I can’t believe I’m writing a post about hockey. I don’t watch hockey any more—not on TV, not during the playoffs (unless the Montreal Canadiens are playing!), not even our local junior team at the impressive new stadium.
Remember, this is the same person who, when she was ten years old, knew the name of every player on each of the six NHL teams. Who kept scrapbooks on the players. Who was glued to the scratchy French radio station beside her Papa listening to broadcasts of the Canadiens' games on Radio-Canada. Whose hero was Jean Beliveau.
So, what happened? Two things.
First, the NHL expanded to twelve teams, and then more, so that I didn’t know the players any more, and I didn’t care. Violence had become a characteristic of the game. Hockey was less about skill and more about intimidation and injury and maiming the stars on the opposing teams. Hockey talk centered around concussions, and hits from behind, and slashing, and enforcers. At the same time, life intervened—high school, university studies, teaching, children, children’s activities—I could not justify time for hockey.
Except . . .
International hockey and the Olympics, the second factor. I often made time to watch Olympic hockey, although I knew only a few of the Canadian players by reputation. After all, I had never watched them play. The attraction of Olympic hockey was that I didn’t have to watch fights. At the Sochi Olympics, in particular, the Canadian hockey players, both men and women, did their sport credit. I witnessed what the commentators described as a hockey “clinic” put on by the Team Canada Men. Strong defence, goal-tending that allowed only three goals in six games, forechecking, backchecking, buying into a game plan and sticking to it, and putting the team first and ego last. Who could not be equally inspired by the tenacity, conditioning, and sang-froid of the Team Canada Women, who came from behind to score two goals in the last four minutes of their gold medal game, and one in overtime, to win against the United States? So, this is what hockey could look like.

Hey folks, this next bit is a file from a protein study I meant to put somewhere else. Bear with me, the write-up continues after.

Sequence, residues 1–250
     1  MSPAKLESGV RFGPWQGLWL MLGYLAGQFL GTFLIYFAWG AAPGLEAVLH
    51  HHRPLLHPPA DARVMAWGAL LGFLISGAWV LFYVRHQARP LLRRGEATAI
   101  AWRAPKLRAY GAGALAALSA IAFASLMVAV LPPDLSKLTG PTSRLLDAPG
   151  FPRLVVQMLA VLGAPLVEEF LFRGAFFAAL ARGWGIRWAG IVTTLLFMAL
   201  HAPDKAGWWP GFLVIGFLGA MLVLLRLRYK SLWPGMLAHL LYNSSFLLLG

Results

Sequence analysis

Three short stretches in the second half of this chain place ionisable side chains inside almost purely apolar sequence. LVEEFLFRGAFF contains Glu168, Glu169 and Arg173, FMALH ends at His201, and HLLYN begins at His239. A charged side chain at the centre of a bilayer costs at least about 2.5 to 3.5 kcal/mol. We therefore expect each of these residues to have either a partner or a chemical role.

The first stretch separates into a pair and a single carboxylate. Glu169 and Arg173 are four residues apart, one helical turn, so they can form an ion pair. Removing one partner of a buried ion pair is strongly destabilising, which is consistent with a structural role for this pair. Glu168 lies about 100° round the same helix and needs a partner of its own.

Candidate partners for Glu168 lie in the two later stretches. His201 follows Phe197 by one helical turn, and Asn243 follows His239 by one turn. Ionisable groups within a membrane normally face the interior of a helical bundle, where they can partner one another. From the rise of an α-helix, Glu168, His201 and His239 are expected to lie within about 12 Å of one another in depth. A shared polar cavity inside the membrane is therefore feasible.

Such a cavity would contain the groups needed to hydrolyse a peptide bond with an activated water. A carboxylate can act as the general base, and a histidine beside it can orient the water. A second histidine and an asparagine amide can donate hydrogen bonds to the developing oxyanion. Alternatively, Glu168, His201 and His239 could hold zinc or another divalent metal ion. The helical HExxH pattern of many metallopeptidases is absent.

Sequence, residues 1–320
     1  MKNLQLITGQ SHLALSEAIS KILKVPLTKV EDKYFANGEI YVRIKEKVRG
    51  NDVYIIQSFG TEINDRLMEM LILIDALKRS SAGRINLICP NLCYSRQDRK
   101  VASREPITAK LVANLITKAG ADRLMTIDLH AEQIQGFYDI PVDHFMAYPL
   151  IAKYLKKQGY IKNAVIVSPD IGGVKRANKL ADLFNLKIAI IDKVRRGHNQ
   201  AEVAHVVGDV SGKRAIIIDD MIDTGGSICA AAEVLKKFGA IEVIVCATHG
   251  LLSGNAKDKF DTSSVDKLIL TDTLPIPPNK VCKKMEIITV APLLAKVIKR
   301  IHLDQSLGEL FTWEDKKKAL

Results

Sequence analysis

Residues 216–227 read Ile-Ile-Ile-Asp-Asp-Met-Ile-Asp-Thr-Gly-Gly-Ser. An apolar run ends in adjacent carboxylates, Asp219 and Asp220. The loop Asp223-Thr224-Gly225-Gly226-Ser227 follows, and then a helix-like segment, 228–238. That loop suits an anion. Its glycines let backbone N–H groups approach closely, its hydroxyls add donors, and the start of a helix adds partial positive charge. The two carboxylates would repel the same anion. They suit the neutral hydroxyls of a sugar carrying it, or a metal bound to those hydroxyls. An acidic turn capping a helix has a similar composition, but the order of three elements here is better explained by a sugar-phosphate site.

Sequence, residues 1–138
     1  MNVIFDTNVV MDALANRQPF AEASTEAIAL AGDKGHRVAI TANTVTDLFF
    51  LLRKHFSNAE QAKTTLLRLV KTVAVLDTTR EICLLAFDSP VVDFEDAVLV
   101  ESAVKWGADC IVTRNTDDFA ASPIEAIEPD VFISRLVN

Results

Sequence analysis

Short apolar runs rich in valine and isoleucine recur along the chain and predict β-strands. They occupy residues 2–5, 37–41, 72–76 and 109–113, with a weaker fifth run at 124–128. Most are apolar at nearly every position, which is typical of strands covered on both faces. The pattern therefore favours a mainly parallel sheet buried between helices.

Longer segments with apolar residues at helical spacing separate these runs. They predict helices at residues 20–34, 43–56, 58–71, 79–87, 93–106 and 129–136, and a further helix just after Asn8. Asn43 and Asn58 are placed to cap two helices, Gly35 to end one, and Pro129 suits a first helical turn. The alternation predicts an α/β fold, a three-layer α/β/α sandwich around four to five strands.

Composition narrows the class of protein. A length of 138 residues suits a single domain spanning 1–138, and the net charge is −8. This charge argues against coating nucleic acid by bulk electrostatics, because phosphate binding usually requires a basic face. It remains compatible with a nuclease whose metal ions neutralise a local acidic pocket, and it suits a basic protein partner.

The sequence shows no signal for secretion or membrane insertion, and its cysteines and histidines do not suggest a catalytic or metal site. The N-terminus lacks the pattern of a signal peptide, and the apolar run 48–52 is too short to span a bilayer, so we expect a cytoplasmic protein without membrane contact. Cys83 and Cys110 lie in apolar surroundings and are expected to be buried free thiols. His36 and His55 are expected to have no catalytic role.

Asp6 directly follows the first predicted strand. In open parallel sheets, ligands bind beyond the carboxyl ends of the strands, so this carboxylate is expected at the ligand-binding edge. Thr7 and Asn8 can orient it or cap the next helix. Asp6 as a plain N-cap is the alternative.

Now, hockey like that, I could watch. I would buy season tickets. I could support it because I might even believe the people who extol hockey as a way to teach life lessons and to build character. Positive life lessons, that is, and positive character traits.
So, thank you, Team Canada hockey 2014, men and women, for carrying the yoke of a nation’s expectations and managing the pressure. Thank you for the gold medals. Thank you for the example you set of grit, determination, perseverance, and selflessness. Thank you most of all for stripping away the ferocity of the NHL game to showcase your phenonenal skill and hard work, for reminding me and maybe other disillusioned folks out there of the thrill of pure, unfettered hockey.